Wednesday, September 05, 2007
Bringing Up Isaac
Before I had kids (BIHD), I had many ideas about how things would go when I was a parent. I believed that if parents had clear expectations and were consistent, the children would fall into place and be model citizens. It worked great until Isaac was about 18 months old...then it happened. He became aware of his own wants and desires. It has been a struggle for me ever since. Phrases that I used to dismiss as excuses now apply to my son: "All boy." "High energy." Never let anyone tell you that God doesn't have a sense of humor, albeit a twisted one.
I can clearly remember while on vacation one summer, I saw a toddler-age boy walking around Mackinaw City with his parents. Without warning, he suddenly jumped into a nearby puddle left by the recent rain. His parents had no time to react other than to prevent him from doing it again. The words "...such a boy..." drifted to us as we passed by. I remember thinking something along the lines of, "Just because he's a boy doesn't mean you let him get away with bad behavior." How little I knew. I would never have dreamed that one day I'd be taking a picture like this and stating that I view my job as one where I kept him from truly hurting himself in his adventures. That would be the kind of permissiveness that would lead to a wild child. My idea of what qualifies as "permissive" has changed, but not easily.
A war has been raging inside of me. It's a battle that isn't quite finished, but nearly. The opposing sides are my expectations before Isaac and my reality with Isaac. I have these expectations of a child who instinctively knows what is his to touch and what isn't chooses correctly; a child who will sit quietly and play with the same toy for a half hour; a child who sees what his peers are doing and follows their lead. My reality does not equal my expectations. For several months now, this war has been fought, and it has not been pleasant. It was getting to the point that I was so disappointed all the time that I started doubting myself and getting resentful towards Isaac. I was getting after him all the time, frustrated and angry. I no longer enjoyed my little boy, and it was breaking my heart. My boy, who I loved so much at first sight, who I'd felt I'd known forever the moment I saw him. In my effort to mold my child into my own expectations, I was beginning to damage what God had given me.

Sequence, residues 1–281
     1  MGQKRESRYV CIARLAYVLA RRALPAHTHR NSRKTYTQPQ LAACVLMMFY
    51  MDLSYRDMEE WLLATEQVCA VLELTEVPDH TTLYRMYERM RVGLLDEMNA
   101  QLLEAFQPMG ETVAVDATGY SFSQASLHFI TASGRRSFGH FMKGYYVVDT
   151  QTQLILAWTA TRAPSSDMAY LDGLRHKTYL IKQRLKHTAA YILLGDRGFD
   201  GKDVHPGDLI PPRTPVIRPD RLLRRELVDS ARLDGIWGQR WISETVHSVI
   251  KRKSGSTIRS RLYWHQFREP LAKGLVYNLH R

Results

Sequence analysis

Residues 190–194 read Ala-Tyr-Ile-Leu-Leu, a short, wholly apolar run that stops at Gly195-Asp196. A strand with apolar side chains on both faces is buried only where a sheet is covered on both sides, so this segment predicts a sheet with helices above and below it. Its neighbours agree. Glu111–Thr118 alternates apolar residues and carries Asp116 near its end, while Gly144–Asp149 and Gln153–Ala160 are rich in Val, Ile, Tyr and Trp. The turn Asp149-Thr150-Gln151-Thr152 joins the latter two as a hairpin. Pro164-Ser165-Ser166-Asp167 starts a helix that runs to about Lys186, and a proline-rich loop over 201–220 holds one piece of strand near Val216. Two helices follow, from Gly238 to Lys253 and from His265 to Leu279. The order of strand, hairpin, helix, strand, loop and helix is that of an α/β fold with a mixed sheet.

Terry tried to tell me to "let up on the leash" a little...but I was convinced that I had to be more strict, more controlling, more consistent. The more I pressed, the harder he fought, so that even something so simple as a trip to the bathroom became a power struggle. It was wearing me out. The mental fatigue was more than I could stand. And like I said, I just didn't like being a parent.
And so, I started looking for other opinions. I looked to our children's ministry leader, who said he was a typical boy. I talked to friends who are good mothers and who have many more children than I do, they said let go a little, he's fine. I talked to parents of boys like Isaac. One, my former pastor's wife, has two sons my age. The younger was like Isaac. Jeanette had differing expectations too. She said at one point her husband said, "Enough. You don't correct him anymore, he's mine." I totally understood. I think that's when my reality started to win over my expectations.
Do I mean that I'm not going to correct him anymore? Nope. Does that mean I'm going to let him "run wild"? Not a chance. He's curious and energetic and I cannot stop him from being so, nor do I want to. I'm going to let up on the leash, a little at a time. I'm going to start enjoying those attributes that have been giving me a headache lately. And when the time comes for correction...like his insistence in harassing family pets, or getting out of bed at night...then I will discipline in the most realistic and loving way I can. I am not, however, going to keep trying to mold him into what I think he should be. That's not my job. My job is to take this gift that God has given me and help him to become the best man he can be.
Isaac turned three over a week ago. My little guy won't be little much longer. It's been pretty rocky between us lately. I'm sure that there will be more bumps along the way. But after some attitude adjustments on my part, there is joy between us again.